Feeds

Hitachi halves hard drive head size

Paves way for 4TB desktop drives, apparently

The Essential Guide to IT Transformation

Hitachi has developed a hard drive read/write head that's half the size of the units found in today's top-of-the-line HDDs - a crucial step, it claimed, to delivering a 4TB desktop drive, albeit not until 2009 at the earliest.

Hitachi's new head may be tiny - 30-50nm in size, one two-thousandth of the thickness of a human hair - but the technology it's based on is something of a mouthful: Current Perpendicular-to-the-Plane Giant Magneto-Resistive (CPP-GMR).

In practice that means the heads are based conduction through metal rather than an insulator, as is the case with today's quantum-tunneling based Tunnel Magneto-Resistive (TMR) hard drive heads. The CPP-GMR head's lower electrical resistance allows it to detect smaller changes in the disc platter's magnetic field, reduced as drive makers ramp up disks' data storage density.

Hitachi claimed TMR technology will prove impractical one disk data densities pass the 500Gb per inch-squared point, let alone the 1Tbpin² density many hard-drive industry operatives are currently chasing.

Today's drives have a density of up to 200Gbpi², so we're a few years away from needing a clear successor to TMR, one reason why Hitachi doesn't expect to get its new technology into commercially available drives until 2009. That's for 50nm heads - 30nm versions will arrive in 2011, the company forecast.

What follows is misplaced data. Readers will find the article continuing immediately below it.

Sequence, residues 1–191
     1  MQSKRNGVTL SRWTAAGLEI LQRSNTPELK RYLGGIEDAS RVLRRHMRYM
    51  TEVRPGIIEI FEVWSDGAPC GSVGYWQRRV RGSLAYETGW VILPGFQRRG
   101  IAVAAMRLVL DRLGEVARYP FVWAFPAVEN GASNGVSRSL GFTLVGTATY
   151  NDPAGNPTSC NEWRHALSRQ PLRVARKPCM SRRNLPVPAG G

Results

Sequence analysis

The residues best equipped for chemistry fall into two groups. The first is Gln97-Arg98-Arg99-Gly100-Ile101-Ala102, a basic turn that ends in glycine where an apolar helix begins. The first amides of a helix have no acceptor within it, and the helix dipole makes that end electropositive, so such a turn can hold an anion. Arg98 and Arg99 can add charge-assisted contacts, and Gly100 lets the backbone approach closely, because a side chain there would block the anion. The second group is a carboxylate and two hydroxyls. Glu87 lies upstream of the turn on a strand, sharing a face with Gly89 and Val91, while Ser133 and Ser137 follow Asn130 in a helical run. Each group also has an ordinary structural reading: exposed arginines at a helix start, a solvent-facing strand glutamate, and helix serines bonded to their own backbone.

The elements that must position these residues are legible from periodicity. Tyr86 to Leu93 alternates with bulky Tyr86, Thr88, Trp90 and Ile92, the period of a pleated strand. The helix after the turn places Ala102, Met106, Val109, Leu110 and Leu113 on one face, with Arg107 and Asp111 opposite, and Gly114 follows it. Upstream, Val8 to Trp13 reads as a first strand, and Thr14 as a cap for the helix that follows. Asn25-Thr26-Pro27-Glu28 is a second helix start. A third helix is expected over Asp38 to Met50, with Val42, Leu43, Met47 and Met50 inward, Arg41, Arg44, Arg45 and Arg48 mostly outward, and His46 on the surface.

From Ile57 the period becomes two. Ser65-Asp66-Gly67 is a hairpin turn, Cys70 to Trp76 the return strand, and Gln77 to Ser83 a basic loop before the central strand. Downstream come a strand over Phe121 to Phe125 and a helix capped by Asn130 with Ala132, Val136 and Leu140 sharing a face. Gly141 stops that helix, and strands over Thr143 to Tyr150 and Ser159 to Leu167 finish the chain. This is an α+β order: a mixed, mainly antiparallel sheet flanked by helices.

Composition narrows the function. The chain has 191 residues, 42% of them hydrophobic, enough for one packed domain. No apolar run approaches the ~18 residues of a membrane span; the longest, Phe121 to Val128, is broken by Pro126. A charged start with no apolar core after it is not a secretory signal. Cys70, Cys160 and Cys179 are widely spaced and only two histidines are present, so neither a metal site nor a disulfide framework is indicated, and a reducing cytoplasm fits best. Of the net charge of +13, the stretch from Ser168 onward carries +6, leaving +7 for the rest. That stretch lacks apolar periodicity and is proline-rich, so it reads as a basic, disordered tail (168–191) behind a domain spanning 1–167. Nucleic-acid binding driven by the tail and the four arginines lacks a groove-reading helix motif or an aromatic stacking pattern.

Boost IT visibility and business value

Whitepapers

Implementing global e-invoicing with guaranteed legal certainty
Explaining the role local tax compliance plays in successful supply chain management and e-business and how leading global brands are addressing this.
The Essential Guide to IT Transformation
ServiceNow discusses three IT transformations that can help CIO's automate IT services to transform IT and the enterprise.
Consolidation: The Foundation for IT Business Transformation
In this whitepaper learn how effective consolidation of IT and business resources can enable multiple, meaningful business benefits.
How modern custom applications can spur business growth
Learn how to create, deploy and manage custom applications without consuming or expanding the need for scarce, expensive IT resources.
Build a business case: developing custom apps
Learn how to maximize the value of custom applications by accelerating and simplifying their development.